Tuesday, February 07, 2006

Trouble on Turtle Island

Americans, culturally, are mostly transplanted, deracinated Europeans.

Seems to me this gives us a lot of our freedoms, not exactly our political freedoms, which were the flowering of European ideas in a place where they could (until very recently at least) prosper, but a cultural freedom, the lifting of the dead hand of enforced custom. Our literature, our movies, our music and art, have been distinctive for that reason, I think. On the whole, that's been good.

But we see the down side of it in the belligerent ignorance and seething crackpot religiosity that grows freely in any direction except towards either genuine reverence or the light of reason, probably because reason, with its strict reality-demands, is perceived as intolerably restrictive, and reverence, of course, requires that you slow down a little.

We have had a lot of problems coming to terms with the place we live. The guilt of having killed or dispossessed the original inhabitants of America is, I think, a kind of unfinished psychic business for our people--a problem, like the guilt of slavery. I don't mean that in the sense of a personal guilt, which obviously many people do not feel at all (or at least so they insist), but a kind of un-atoned-for national sin that still unconsciously warps our behavior and perceptions. The biblical Greek word for sin actually means going astray. I don't think anyone would deny this about the legacy of slavery, but I think it is there with the Indians too.

I think part of the our aggressive love affair with the bulldozer and massive destruction and rearrangement of the landscape in the service of greed or grandiosity or practically any damn whim is an expression of that guilt.

Maybe I'm wrong, of course.

Anyway, these musings came about because I was going through some photographs that I took, over the years, of Native American "pre-historic" (that is, before Europeans got here) rock art. A colleague of Kay's requested some of these photographs for an article she is working on, and so I was looking through them.

We don't know what they are all about, for the most part. Originally I was quite careless in taking these pictures, and careless in viewing them. Over the years that changed. It's my feeling, now, that they should be viewed with great respect. This seems almost too obvious to say, but it was certainly not obvious to me when I first went out into the desert to seek them out. I think I have written in one or two other posts how it is to be out in the desert in the presence of these traces of the past.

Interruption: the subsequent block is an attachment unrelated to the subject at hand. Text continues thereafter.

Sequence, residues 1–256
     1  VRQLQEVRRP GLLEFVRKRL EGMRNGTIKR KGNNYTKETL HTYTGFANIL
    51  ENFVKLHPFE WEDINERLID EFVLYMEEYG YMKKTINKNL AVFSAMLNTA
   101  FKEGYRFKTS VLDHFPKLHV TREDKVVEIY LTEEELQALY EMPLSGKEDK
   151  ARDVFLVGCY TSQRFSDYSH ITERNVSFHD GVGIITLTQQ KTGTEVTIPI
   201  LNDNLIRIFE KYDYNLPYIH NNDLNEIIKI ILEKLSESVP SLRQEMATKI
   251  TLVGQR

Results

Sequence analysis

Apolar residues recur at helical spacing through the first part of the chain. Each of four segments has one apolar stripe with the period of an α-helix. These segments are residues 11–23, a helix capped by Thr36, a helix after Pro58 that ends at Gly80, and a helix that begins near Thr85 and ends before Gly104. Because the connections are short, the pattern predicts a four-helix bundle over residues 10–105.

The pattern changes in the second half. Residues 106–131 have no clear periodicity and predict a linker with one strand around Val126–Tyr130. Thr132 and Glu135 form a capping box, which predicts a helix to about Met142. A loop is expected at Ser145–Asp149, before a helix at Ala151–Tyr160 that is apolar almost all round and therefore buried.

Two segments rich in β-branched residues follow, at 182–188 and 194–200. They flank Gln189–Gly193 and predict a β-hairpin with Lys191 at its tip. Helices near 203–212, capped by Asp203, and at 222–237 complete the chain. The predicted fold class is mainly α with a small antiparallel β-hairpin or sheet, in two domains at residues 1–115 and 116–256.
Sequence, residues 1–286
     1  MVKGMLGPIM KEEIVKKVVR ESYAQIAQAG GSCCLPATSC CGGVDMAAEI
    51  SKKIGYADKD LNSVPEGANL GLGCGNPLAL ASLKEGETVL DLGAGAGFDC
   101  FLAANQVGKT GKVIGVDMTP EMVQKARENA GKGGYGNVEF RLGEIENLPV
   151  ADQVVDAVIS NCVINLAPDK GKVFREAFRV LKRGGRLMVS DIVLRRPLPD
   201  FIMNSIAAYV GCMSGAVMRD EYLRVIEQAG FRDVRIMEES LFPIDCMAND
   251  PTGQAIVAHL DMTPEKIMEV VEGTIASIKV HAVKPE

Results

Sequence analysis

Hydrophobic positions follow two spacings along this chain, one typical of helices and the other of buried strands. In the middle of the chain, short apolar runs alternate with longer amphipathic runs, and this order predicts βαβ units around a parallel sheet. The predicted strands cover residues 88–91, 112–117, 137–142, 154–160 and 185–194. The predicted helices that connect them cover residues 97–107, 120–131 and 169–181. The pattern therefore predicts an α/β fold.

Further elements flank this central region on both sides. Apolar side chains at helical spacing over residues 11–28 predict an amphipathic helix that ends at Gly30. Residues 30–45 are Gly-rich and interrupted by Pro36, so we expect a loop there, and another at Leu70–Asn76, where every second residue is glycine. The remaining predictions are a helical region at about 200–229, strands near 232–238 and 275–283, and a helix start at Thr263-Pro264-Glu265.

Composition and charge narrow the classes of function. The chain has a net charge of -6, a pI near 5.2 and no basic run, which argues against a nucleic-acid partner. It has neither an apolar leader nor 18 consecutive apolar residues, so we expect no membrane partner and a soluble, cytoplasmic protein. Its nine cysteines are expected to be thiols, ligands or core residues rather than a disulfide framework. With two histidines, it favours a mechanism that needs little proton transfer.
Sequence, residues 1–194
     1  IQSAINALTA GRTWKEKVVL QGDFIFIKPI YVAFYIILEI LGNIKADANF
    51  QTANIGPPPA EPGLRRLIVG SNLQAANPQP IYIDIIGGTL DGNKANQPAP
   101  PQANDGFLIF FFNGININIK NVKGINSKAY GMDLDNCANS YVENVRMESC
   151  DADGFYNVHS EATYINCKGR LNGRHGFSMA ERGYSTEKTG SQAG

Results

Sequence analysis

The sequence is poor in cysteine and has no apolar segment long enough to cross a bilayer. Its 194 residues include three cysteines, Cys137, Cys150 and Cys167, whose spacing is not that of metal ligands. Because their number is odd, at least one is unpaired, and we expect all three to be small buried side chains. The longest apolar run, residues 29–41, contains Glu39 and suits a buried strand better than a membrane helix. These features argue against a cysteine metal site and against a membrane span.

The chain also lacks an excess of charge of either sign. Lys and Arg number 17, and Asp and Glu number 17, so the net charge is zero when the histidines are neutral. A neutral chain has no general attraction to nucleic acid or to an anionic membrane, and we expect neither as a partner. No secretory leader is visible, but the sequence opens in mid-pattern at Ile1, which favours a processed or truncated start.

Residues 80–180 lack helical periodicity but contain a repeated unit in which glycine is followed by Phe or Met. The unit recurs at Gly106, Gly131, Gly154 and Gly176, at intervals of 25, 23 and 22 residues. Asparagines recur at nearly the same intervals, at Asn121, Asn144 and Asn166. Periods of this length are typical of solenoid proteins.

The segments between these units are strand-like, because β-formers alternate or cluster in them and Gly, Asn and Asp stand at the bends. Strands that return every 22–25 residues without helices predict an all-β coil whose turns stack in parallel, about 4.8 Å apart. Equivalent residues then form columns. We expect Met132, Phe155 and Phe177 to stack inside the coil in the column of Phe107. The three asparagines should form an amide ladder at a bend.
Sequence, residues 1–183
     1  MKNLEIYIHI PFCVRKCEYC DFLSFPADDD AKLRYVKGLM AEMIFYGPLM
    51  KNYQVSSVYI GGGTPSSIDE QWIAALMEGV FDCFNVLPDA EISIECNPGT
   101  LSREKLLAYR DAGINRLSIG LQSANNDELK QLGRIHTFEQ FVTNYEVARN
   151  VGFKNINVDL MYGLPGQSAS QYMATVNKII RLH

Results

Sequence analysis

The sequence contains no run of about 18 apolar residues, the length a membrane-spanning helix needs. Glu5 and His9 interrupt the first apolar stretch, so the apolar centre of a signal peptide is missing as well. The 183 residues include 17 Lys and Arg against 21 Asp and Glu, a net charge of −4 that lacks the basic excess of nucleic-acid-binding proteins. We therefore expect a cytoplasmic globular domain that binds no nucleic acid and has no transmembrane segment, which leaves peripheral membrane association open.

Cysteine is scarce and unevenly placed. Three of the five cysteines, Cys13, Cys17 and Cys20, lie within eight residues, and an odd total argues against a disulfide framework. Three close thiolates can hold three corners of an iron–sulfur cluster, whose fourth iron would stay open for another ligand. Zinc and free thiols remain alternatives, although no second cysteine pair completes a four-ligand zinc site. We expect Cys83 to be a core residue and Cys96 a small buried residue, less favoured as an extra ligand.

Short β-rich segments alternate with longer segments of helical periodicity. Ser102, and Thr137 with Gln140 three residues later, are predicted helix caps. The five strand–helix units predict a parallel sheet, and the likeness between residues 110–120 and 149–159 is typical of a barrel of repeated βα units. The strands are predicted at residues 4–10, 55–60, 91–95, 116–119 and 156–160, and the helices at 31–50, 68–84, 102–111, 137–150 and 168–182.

But most of us don't ever go to the desert.


It's kind of like this. Suppose you buy a house, perfectly innocently. Then later you discover that the house was stolen (maybe by your own ancestors, maybe not) from people who are now long dead. Or maybe they have descendants, living elsewhere now. Either way. Later yet, suppose you discover, in the attic, some mementos, and letters in a language you can't read bound carefully in twine. These things must have been important. You deduce that, if nothing else, because they are hidden in a secret box.

What would you do? Would you throw them in the trash? Would you treat them as everyday objects? Would you forget about them? I don't think most people would. (A lot of people I guess would try to sell them.) For some, I think it would provide some possibility of communion with the dispossessed owners, and a greater sense of the total meaning of the house you are now living in. It might even be good to try to return them to the descendants of the first owners, if they could be found, but whether you do this or not, the letters become part of your life and history too.

I think I have pushed that analogy as far as it will go. But my point is that I have found these figures in the desert open up a sense that we live in a very old continent, and we are very recently, and (I am afraid) tenuously here. It seems to me a sense of reverence for place is the first thing that's required for living somewhere, anywhere, and if that is true, then this stuff is important.

Then again, maybe that's just me.

So, those were thoughts that arose when I was looking at these photos of paintings on the rock. I thought I would put a few here, prefaced in such a way so you can understand how I look at them now. Maybe you'll look at them that way too. I dunno.

This may represent a rain god. And I saw the same eyes once in a bullfrog looking at me from a pond in New Mexico. I'd say, from memory, that it's about 3 feet high.

No one knows what these figures are. They are carefully hidden in a rock shelter with difficult access. (So was the one above, by the way.)

This last one is out in plain view, but, strangely, few people see it dancing on the rock. I mentioned it in a story on my old web page about birdwatching at Hueco Tanks. It's maybe three feet tall.

All of the images above can be enlarged by clicking on them They are at Hueco Tanks, near El Paso, a beautiful outcropping of igneous rocks standing several hundred feet out of the aeolian sand around it. It is now a state park, unfortunately nearly engulfed, in the past decade, by expanding urban blight. When I first went there it still had the feeling of being remote. (The hidden caves and rock shelters with the images still feel remote.) The paintings were mostly done from 800 to 1200 AD by people archeologist call the Jornada Mogollon, who disappeared long ago. Some was done later by Apaches, and possibly other historic groups. Most of it is hidden, and hard to find. Nowadays, a park guide has to take you to see it.

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